Be On Lookout for Tar Spot: A New Disease of Corn
Before anyone panics, this disease has not been confirmed in Maryland; however, it is close by and could potentially spread to our state. As you’re scouting fields this summer, keep this one in the back of your mind.
Tar spot is a fungal disease of corn caused by Phyllachora maydis. It was first discovered in the United States in 2015. In Latin America where tar spot is more common, another fungal species, Monographella maydis, is known to occur in complex with P. maydis; however, only P. maydis has been found in the United States.
The initial occurrence of tar spot in 2015 was limited to a couple of counties in Indiana, but by 2018 it had spread across much of the US corn belt and caused serious economic damage. In 2020, tar spot was confirmed in corn fields in Lancaster County Pennsylvania (Fig 1). We believe this large geographic jump was due to seed that had infected corn residue that was planted into variety trial plots.
Symptoms of tar spot are primarily the presence of glossy black, raised lesions on the leaves (Fig 2). These lesions look like someone splattered paint or tar on the leaves, hence the name. These symptoms have been observed to occur from VT to maturity. Lesions are also visible on dried plant parts.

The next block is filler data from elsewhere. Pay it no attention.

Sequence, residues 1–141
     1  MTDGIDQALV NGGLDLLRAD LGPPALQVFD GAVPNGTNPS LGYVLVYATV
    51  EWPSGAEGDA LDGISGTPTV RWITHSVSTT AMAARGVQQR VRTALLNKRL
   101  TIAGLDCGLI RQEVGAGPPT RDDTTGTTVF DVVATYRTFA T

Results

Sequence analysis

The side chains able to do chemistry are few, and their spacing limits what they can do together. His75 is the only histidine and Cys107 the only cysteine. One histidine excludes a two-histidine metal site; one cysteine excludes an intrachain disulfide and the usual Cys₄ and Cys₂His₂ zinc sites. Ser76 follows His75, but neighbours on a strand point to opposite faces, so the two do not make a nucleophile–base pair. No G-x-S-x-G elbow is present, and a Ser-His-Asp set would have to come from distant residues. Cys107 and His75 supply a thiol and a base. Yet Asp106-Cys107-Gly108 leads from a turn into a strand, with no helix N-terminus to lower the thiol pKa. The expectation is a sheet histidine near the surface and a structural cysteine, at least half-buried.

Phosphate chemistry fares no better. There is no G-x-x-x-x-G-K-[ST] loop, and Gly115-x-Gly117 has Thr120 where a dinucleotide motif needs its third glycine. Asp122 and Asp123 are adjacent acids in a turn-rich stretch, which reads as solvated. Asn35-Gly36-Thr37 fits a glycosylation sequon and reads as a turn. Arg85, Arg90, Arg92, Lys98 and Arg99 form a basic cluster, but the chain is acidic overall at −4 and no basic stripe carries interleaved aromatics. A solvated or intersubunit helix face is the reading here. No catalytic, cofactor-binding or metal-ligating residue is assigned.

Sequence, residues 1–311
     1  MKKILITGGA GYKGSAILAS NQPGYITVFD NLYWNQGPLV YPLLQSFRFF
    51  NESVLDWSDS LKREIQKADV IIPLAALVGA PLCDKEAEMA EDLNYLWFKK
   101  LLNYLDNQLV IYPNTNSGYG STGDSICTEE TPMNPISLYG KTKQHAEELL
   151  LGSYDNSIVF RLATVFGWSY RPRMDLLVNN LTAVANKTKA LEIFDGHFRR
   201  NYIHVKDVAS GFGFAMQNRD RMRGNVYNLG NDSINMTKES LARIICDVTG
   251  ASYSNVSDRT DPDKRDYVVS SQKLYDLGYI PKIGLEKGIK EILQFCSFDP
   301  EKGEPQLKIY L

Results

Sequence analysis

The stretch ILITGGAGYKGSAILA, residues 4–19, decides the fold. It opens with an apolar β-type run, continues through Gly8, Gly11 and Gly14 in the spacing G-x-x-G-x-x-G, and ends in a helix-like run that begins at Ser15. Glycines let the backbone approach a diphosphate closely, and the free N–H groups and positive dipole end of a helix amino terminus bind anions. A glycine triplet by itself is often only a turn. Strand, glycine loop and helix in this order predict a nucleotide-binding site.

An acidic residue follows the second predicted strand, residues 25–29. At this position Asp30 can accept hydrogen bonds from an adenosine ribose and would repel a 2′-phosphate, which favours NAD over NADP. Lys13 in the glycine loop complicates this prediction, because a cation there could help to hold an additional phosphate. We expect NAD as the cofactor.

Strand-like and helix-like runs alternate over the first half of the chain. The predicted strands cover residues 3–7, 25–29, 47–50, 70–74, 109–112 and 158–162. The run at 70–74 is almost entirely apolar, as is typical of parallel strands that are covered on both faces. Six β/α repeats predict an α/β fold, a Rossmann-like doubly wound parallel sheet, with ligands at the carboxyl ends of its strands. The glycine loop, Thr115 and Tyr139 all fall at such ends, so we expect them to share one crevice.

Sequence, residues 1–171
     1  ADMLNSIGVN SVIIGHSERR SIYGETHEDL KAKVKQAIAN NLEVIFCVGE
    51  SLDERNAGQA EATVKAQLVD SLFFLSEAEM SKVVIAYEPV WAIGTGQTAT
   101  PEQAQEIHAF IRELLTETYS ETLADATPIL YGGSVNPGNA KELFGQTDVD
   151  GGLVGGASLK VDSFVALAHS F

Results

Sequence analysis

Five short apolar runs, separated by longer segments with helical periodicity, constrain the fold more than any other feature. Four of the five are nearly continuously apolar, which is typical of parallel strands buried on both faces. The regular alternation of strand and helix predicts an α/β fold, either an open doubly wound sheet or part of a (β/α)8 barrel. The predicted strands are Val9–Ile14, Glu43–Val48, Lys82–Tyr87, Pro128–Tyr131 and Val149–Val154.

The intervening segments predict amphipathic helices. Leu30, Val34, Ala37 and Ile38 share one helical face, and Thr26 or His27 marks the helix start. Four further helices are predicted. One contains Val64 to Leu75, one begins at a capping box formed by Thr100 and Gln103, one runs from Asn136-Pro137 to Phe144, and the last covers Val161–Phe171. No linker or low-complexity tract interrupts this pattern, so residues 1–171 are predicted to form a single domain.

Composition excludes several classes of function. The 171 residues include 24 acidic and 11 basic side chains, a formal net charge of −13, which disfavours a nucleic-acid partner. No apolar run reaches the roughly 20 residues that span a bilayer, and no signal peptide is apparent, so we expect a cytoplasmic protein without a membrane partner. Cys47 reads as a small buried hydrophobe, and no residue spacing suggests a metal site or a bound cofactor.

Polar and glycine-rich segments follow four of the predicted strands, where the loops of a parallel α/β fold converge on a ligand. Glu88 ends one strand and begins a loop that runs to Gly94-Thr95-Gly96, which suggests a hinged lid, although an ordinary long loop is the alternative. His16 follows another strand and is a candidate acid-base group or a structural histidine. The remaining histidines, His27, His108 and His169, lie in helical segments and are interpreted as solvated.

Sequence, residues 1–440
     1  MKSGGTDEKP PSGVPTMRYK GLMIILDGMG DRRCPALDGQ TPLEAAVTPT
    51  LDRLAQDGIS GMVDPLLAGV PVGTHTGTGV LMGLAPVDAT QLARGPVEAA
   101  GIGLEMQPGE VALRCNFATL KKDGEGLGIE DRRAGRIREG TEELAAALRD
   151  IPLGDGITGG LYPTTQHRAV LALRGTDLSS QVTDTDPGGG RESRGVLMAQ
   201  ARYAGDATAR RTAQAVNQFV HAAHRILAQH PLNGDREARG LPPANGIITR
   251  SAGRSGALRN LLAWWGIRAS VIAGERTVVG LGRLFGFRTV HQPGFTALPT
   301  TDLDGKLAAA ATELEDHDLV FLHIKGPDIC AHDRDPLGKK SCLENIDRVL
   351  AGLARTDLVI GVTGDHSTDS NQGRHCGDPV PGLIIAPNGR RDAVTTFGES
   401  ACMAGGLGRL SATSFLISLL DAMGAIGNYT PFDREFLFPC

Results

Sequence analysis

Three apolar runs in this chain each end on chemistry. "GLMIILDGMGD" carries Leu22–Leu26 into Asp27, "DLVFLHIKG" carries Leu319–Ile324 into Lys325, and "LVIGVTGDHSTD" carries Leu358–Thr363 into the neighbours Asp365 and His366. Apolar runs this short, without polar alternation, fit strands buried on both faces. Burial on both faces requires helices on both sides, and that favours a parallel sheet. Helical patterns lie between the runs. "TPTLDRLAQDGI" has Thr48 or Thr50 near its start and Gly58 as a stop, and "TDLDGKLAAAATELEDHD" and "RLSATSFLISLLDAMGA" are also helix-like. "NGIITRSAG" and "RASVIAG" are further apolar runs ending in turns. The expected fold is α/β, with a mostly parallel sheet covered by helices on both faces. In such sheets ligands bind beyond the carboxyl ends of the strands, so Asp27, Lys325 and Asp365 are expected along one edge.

The fungus that causes tar spot overwinters in infected corn residue; however, it is unknown how well, or if, this pathogen will overwinter here in Maryland or if this disease will be of any economic importance in this region.
Currently, there are no management recommendations for this disease for our area, because as stated, it is yet to be confirmed in Maryland, and unknown if it will be a problem. For the 2021 corn crop, be on the lookout for this disease in your corn fields, especially if you have any corn hybrid trials planted in your field. If you suspect you found this disease, please contact Andrew Kness (410-638-3255, firstname.lastname@example.org) and we will work with you to confirm identification.
This article appears on July 2021, Volume 12, Issue 4 of the Agronomy news.